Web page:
The Illinois House and Senate Veterans’ Committees held a joint session this week in Chicago to investigate the continued outbreak of Legionnaire’s disease at the Quincy Veterans Home. Thirteen residents at the home have died from the disease over the past three years, including 12 who died in 2015 and one death last fall- two years after the initial outbreak.
At the hearing, the Director of the Illinois Department of Veterans Affairs, Erica Jeffries, and the Director of the Illinois Department of Public Health, Nirav Shah, defended the actions undertaken since the onset of the outbreak. Both agency heads said they took immediate steps toward remediation, implemented every protocol suggested by the US Centers for Disease Control (CDC), and ultimately would not have done anything differently.
Legionnaire’s disease can be contracted when people inhale infected water vapor through showers, sinks, and fountains. Since 2015, the state has imposed new treatment protocols and spent nearly $6.4 million on emergency upgrades to the complex’s water treatment system. XXX In December, the CDC released its most recent report on the outbreak noting that Illinois agencies have committed considerable time, effort, and resources to address the problem, but complete eradication of Legionella in any large, complex building water system may not be possible. Director Jeffries said that the water in the facility is now tested more than 3,000 times each month.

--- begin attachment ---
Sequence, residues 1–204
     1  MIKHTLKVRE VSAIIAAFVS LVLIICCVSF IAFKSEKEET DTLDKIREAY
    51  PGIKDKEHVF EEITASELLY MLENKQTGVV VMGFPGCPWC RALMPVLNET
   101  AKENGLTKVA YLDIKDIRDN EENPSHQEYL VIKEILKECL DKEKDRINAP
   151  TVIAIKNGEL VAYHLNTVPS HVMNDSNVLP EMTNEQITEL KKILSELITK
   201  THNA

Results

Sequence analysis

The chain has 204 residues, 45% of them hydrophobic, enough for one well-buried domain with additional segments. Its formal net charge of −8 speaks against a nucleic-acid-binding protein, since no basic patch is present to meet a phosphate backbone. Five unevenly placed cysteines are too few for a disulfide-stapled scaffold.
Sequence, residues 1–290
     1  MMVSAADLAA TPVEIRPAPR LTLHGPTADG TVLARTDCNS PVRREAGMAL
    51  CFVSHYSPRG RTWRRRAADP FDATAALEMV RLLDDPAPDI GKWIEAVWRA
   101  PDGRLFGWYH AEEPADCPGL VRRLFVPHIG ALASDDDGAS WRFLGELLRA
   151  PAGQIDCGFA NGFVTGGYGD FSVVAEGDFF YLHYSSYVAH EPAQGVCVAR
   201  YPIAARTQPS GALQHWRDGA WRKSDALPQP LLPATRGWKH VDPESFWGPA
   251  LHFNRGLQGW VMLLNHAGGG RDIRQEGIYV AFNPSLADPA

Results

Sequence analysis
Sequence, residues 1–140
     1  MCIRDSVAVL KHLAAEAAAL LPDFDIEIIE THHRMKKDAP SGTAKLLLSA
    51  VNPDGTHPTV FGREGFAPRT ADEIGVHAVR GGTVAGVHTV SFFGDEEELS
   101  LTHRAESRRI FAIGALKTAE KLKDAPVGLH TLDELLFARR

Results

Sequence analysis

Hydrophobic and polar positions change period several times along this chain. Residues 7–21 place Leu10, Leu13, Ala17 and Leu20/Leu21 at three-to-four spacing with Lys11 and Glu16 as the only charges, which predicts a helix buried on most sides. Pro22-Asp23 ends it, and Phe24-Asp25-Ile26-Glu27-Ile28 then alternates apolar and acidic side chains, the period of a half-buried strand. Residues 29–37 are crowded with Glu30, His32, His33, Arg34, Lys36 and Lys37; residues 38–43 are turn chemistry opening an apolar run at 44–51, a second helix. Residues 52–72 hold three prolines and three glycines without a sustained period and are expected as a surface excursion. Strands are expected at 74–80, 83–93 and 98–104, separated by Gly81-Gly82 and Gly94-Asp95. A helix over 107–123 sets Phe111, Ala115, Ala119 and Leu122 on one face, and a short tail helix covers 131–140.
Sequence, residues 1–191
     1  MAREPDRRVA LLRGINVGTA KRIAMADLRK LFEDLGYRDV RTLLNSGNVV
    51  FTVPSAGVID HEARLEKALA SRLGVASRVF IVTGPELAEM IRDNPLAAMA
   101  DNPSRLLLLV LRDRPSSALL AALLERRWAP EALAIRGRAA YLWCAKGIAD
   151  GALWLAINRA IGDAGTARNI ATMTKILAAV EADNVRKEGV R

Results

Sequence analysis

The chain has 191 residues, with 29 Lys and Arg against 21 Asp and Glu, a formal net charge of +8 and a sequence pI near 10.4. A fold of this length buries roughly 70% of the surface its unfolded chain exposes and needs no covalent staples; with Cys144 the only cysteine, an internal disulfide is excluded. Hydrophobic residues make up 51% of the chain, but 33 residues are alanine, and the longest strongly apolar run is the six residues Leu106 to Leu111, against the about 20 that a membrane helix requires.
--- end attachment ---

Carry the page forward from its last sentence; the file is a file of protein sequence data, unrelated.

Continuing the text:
“We owe our state’s veterans the best treatment and care possible,” Rep. McAuliffe said. “As the Republican Spokesperson on the Veterans’ Affairs Committee, I stand ready and willing to work together with those in the General Assembly and our state agencies to find a permanent solution to ensure the health and safety of our veteran’s at the Quincy Home.”
Lawmakers at the hearing suggested a new capitol bill to pay for a complete overhaul of the plumbing at the home and to finance a new facility on the campus to replace one of the older infirmary buildings. Both the Senate and the House will hold additional hearings on the outbreak and the progress being made at the home. In addition, Governor Rauner plans to create a task force dedicated to investigating and remediating the issue.